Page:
Before dropping Divers off near the Dodge Shadow, English stopped at a convenience store. Divers had found a $100 bill either on Stevenson's person or in his Monte Carlo; he changed it at the store and gave English $50. English then dropped him off and did not see him again, although Divers telephoned him about a week later to reassure him that "there was no way that anybody would know that they had anything to do with it."

English finished giving this statement around 1:30 a.m. on Sunday, May 8. According to Deps. Jones and Toney, this was enough information to arrest English. Ready to take a recorded statement, they gave him another rights waiver form, which he refused to sign. He did not ask for a lawyer. English testified at the hearing on the motion to suppress that they arrested him because he refused to give a recorded statement; however, Dep. Toney denied this, citing the unsigned waiver form, which recited that English had already been placed under arrest (this was admitted as Exhibit S-3 at the hearing on the motion to suppress but not introduced at trial). English also testified that he gave the statement only because deputies promised to let him go home if he talked. They admitted telling him he would fare better for telling the truth but categorically denied promising to release him. English was taken to the jail around 2:00 a.m.; as he was being locked up, he told Dep. Toney, "Be sure to come get me * * * and talk to me."

Later that day, at 8:45 p.m., English was returned to the Annex, Mirandized again and questioned further. At 10:40 he was Mirandized yet again and gave a recorded statement which was played at trial. The statement acknowledged all Miranda rights and denied threats, promises, offers or inducements. In substance the recorded statement is identical to the oral one. It adds a few details: right after Divers hit Vandervield, he told English, "I told you we was gonna get some money"; English knew Divers was stealing a TV, tapes and clothes from the house; as late as when he moved the Dodge Shadow, which was loaded with stolen goods, he did not know Divers was going to kill the men; and he saw Divers wiping the living room with a towel, to erase fingerprints. The statement ended at 11:33 p.m. and English was returned to jail.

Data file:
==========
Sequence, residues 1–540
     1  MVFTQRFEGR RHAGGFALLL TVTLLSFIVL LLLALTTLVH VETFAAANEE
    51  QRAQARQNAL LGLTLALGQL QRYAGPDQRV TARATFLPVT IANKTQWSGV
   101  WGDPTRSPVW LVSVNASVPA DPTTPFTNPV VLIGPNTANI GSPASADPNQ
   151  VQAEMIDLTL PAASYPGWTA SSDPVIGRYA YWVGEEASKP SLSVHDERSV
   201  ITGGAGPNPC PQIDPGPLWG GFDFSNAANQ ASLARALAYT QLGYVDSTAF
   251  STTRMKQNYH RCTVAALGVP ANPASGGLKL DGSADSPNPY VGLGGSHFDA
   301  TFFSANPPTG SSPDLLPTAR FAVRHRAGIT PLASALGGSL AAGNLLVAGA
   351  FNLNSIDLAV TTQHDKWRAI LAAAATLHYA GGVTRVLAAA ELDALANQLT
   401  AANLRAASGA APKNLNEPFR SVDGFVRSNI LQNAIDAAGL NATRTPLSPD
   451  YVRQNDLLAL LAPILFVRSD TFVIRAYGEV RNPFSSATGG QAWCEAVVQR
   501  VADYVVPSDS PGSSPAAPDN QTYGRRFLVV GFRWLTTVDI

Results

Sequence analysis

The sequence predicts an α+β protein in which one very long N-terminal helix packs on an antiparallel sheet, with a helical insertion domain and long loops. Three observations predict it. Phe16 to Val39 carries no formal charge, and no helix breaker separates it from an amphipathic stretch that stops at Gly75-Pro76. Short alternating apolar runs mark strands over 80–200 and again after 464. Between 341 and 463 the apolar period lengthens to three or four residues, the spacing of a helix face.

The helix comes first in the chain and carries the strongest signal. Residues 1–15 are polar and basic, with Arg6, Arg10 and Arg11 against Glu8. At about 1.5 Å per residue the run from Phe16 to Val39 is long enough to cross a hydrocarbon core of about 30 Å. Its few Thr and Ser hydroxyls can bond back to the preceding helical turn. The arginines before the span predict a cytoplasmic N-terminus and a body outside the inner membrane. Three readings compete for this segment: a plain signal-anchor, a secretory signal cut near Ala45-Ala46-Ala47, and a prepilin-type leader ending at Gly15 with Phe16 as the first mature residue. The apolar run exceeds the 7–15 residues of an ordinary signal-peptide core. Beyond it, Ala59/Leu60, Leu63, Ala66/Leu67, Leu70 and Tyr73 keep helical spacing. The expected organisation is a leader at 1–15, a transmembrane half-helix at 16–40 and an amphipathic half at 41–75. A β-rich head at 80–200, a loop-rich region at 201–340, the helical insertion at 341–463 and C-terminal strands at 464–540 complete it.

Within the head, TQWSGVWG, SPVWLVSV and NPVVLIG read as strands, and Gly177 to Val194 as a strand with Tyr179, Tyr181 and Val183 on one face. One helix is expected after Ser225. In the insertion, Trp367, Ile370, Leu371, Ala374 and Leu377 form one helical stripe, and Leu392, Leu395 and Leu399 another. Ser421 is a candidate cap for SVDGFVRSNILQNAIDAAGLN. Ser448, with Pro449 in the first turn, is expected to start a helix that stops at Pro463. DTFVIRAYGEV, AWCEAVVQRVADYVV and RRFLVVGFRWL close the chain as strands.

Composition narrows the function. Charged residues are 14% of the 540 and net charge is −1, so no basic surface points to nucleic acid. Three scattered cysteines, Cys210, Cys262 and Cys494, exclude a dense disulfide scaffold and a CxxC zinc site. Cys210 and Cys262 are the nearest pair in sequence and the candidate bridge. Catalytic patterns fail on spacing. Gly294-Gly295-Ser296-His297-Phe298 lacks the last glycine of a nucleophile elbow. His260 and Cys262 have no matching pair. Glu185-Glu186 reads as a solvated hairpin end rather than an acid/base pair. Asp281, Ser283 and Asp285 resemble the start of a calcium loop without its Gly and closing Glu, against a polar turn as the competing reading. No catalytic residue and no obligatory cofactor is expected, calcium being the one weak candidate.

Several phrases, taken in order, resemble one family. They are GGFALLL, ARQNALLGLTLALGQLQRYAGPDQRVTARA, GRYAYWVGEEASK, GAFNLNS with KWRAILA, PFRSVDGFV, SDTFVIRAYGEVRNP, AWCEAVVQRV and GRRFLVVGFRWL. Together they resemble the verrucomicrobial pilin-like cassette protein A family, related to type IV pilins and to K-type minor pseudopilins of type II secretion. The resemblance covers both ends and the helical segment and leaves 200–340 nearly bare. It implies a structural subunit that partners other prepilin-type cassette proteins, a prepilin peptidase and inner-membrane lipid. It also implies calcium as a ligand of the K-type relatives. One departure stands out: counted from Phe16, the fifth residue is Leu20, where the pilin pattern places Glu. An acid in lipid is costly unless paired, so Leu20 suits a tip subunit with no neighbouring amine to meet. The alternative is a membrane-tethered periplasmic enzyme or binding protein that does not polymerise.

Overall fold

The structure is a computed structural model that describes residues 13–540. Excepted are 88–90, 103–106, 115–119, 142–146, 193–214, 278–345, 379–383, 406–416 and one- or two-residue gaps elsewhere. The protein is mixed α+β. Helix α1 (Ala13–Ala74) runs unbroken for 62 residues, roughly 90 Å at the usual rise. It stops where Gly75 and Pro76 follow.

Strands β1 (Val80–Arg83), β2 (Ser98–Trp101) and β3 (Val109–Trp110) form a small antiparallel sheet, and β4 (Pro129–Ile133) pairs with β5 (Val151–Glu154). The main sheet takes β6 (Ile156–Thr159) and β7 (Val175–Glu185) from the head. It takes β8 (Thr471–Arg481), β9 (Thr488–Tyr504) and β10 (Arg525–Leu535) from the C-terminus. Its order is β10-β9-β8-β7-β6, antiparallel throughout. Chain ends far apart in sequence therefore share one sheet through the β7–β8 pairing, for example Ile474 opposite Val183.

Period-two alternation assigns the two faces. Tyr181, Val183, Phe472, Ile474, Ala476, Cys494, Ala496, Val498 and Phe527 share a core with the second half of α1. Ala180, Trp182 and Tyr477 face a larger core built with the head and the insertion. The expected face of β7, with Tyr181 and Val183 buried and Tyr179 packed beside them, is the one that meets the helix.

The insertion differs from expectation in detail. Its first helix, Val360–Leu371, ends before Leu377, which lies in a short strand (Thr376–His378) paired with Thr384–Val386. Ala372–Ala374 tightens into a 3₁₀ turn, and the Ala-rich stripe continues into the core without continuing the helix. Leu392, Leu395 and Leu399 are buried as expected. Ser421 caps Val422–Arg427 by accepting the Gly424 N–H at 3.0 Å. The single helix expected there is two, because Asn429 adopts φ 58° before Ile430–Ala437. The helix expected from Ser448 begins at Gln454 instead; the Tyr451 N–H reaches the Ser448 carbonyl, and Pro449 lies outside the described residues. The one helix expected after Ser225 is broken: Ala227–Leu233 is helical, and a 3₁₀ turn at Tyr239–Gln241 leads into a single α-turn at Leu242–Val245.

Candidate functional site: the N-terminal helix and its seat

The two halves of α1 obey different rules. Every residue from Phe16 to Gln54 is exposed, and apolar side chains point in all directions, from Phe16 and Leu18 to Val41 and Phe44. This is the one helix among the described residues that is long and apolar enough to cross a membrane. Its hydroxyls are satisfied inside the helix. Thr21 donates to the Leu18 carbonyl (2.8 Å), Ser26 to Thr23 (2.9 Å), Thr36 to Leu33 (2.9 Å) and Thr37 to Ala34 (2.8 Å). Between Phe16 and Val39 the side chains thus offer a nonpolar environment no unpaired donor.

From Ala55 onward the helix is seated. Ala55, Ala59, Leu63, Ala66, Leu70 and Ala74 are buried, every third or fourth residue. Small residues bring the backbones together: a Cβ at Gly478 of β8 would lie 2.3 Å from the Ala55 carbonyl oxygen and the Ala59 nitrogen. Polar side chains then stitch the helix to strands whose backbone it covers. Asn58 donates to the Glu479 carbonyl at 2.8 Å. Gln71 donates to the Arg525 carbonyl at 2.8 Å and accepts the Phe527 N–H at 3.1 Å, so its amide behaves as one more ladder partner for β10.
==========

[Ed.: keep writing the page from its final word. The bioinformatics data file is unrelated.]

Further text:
The next afternoon, May 9, English told Dep. Rowlan that he wanted to talk some more; that evening, Deps. Jones, Toney and Myers began to take another statement. The gist of this one was that he drove Divers to Vandervield's house but never came back after he left the first time. When the deputies admonished him to tell the truth, he terminated the interview and asked for a lawyer, the first time he had done so since questioning started on May 7. English later volunteered to Dep. Myers that he had told the new story in hopes that he would be charged only with burglary, but it was false and the oral and recorded statements were true.

Discussion: Motion to appoint an investigator

By his fifth assignment English urges the trial court erred in failing to fund an investigator to assist in the defense. By motion of August 30, 1988, English sought specific sums to hire three "required expert witnesses," including a criminal investigator. The trial court denied this motion at a hearing on October 5. English later refiled the motion but at a hearing on March 27, 1989 argued only for a psychiatrist, which was also denied. English now contends he was "cut off" at the October 5, 1988 hearing before he could show that locating the murder weapon was critical to his defense and that an investigator was necessary to locate it.